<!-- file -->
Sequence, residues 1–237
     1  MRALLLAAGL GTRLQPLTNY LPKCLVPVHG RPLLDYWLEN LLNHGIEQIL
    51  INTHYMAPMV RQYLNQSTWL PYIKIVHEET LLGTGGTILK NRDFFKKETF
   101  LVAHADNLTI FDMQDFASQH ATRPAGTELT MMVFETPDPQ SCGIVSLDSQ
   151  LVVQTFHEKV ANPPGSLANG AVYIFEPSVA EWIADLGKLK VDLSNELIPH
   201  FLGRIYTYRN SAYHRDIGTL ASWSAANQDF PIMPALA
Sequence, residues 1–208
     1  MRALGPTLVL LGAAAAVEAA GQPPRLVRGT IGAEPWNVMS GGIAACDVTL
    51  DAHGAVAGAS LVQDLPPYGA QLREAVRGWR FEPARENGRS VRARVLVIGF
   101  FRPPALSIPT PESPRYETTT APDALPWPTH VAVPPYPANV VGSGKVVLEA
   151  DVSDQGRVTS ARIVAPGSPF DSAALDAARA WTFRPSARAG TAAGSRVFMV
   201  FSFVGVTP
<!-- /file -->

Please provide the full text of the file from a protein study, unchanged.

Sequence, residues 1–237
     1  MRALLLAAGL GTRLQPLTNY LPKCLVPVHG RPLLDYWLEN LLNHGIEQIL
    51  INTHYMAPMV RQYLNQSTWL PYIKIVHEET LLGTGGTILK NRDFFKKETF
   101  LVAHADNLTI FDMQDFASQH ATRPAGTELT MMVFETPDPQ SCGIVSLDSQ
   151  LVVQTFHEKV ANPPGSLANG AVYIFEPSVA EWIADLGKLK VDLSNELIPH
   201  FLGRIYTYRN SAYHRDIGTL ASWSAANQDF PIMPALA
Sequence, residues 1–208
     1  MRALGPTLVL LGAAAAVEAA GQPPRLVRGT IGAEPWNVMS GGIAACDVTL
    51  DAHGAVAGAS LVQDLPPYGA QLREAVRGWR FEPARENGRS VRARVLVIGF
   101  FRPPALSIPT PESPRYETTT APDALPWPTH VAVPPYPANV VGSGKVVLEA
   151  DVSDQGRVTS ARIVAPGSPF DSAALDAARA WTFRPSARAG TAAGSRVFMV
   201  FSFVGVTP